Principality of Reuss-Gera
Fürstentum Reuß-Gera (German)
Motto: Ich bau auf Gott
"I build/rely on God"
Anthem: Heil unserm Fürsten, Heil!
"Hail to our Prince, Hail!"
The Reuss Junior Line within the German Empire
The Reuss Junior Line within Thuringia
|Minister of State|
|Gustav von Strauch|
|9 April 1806|
|11 November 1918|
|1905||827 km2 (319 sq mi)|
The Principality of Reuss-Gera (German: Fürstentum Reuß-Gera), called the Principality of the Reuss Junior Line (German: Fürstentum Reuß jüngerer Linie) after 1848, was a sovereign state in modern Germany, ruled by members of the House of Reuss. It was one of the successor states of the Imperial County of Reuss. The Counts Reuss, with their respective capitals and Residenzen at Gera, Schleiz, Lobenstein, Köstritz and Ebersdorf were all elevated to the title of prince (Fürst) in 1806, and their successor branch heads shared that title, while their cadets were also each titled prince (Prinz). Thus all males of the family were properly "Prince Heinrich (Roman numeral) Reuss, J.L.", without use of a nobiliary particle, although for convenience their branch names remained in colloquial use (for example, "Prince Heinrich I Reuss of Köstritz").
The territories of four separate branches of the Junior Line amalgamated between 1824 and 1848, at which time the seniormost line of Gera retained sovereignty over the surviving cadet branches, which retained succession rights to the princely throne. In 1905, the principality of Reuss Junior Line had an area of 827 km2 (319 square miles) and a population of 145,000, with Gera as its capital.
In the aftermath of World War I, the territory of the Junior Line merged with that of the Elder Line in 1919 as the People's State of Reuss, which became part of the new state of Thuringia on 1 May 1920.
The House of Reuss practises a unique system of naming and numbering the male members of the family, every one of whom for centuries has borne the name "Heinrich", followed by a Roman numeral. While most royal and noble houses assign a regnal number only to the ruling head of the house, and that in the sequential order of their reigns, the Reuss Junior Line ("Reuss, J.L.") used a numbering sequence for all male family members which began afresh with the first son born in each century. The male children within a single nuclear family need not bear sequential numbers, as all members of the larger family share the common numbering system. For example, the sons of Prince Heinrich LXVII Reuss of Schleiz, in order of their births, were named Heinrich V, Heinrich VIII, Heinrich XI, Heinrich XIV, and Heinrich XVI, with their male-line kinsmen holding the numerals in between according to the order of their births. In consequence of this naming system, certain heads of the Reuss Junior Line have had the highest numbers attached to their name of any European ruling families. The designation of "Junior Line" was dropped in 1930; the Elder Line ("Reuss, A.L.") had become extinct as its last male member, Heinrich XXIV, renounced his rights as sovereign in 1918 and died unmarried in 1927.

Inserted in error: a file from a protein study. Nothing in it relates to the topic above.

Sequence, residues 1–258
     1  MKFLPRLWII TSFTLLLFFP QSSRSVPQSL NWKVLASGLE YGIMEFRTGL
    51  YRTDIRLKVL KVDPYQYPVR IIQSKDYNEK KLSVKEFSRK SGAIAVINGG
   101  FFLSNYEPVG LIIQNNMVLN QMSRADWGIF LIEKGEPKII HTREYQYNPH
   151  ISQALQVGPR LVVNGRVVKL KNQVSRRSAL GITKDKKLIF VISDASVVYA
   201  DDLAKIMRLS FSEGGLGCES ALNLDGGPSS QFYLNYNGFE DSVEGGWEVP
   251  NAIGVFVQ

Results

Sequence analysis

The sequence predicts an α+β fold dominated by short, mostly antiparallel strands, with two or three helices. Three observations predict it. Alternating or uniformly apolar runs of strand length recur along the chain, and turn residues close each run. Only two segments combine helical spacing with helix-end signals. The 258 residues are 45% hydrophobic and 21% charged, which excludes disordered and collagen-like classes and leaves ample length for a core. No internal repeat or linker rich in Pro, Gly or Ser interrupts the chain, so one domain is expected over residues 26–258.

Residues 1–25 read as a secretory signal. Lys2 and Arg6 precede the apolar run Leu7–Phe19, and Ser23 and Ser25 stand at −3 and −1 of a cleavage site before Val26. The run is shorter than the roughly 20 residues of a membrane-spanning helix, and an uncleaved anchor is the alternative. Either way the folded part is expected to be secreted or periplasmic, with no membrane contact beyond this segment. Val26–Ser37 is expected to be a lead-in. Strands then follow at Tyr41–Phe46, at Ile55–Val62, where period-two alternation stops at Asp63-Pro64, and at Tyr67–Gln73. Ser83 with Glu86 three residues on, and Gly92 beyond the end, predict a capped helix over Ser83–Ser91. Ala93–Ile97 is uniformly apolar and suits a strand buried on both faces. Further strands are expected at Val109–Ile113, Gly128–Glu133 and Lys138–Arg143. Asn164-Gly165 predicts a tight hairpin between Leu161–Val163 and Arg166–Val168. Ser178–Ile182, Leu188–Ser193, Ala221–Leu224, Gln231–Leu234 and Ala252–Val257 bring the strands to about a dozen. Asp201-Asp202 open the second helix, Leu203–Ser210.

One of the younger sub-lines of the branch which ruled the Reuss, J.L. until 1918, includes the "Counts of Plauen" from the late 19th century. When Prince Heinrich XXVI Reuss (1857-1913) married Countess Viktoria von Fürstenstein (1863-1949) in 1885, under the strict marriage rules then enforced by the Reuss dynasty, although he was but a younger son of a minor ruling family, their children were not allowed to bear the dynasty's princely title. They were, instead, designated "Counts of Plauen", although they remained in the line of succession to the two thrones of Reuss The Fürstensteins lacked Uradel status: Viktoria's paternal grandfather, Pierre-Alexandre Le Camus (1774-1824), son of a minor noble French notary living in Martinique, rose to become foreign minister in Jerome Bonaparte's Kingdom of Westphalia, was ennobled there in 1807 and made a count of the French Empire in 1817)[verification needed].
When the German Empire collapsed at the end of World War I, the reigning Prince Reuss lost his crown along with all the other monarchs whose realms were within Germany. In 1927, Henrich XXVI's son, known as Count Heinrich Harry of Plauen (1890-1951), was adopted by his childless uncle, Prince Heinrich XXX (1864-1939), and the now-deposed dynasty agreed to accept him as "Prince Heinrich Harry Reuß", along with those of his male-line descendants born of unions complying with the family's 1902 rules that permitted marriages to countesses (Heinrich Harry's wife, Huberta von Tiele-Winckler was only a baroness in her own right, but belonged to a family of comital rank in Prussia). Their son Heinrich Enzio was thus accepted by the House of Reuss as a prince, but his own marriage to Baron Gustaf Peyron's daughter in 1949 occurred before the Reuss family conference of 1957 which lowered the marital standard again, allowing dynastic inter-marriage with baronial families.
Strictly, therefore, since 1996 the House of Reuss recognized Prince Heinrich Ruzzo Reuss by that title, but without official membership in the dynasty or entitlement to the traditional style of Serene Highness, while in German law the title is allowed since 1919 only as part of the surname, thus "Heinrich Ruzzo Prinz Reuss".
Monarchy abolished in 1918.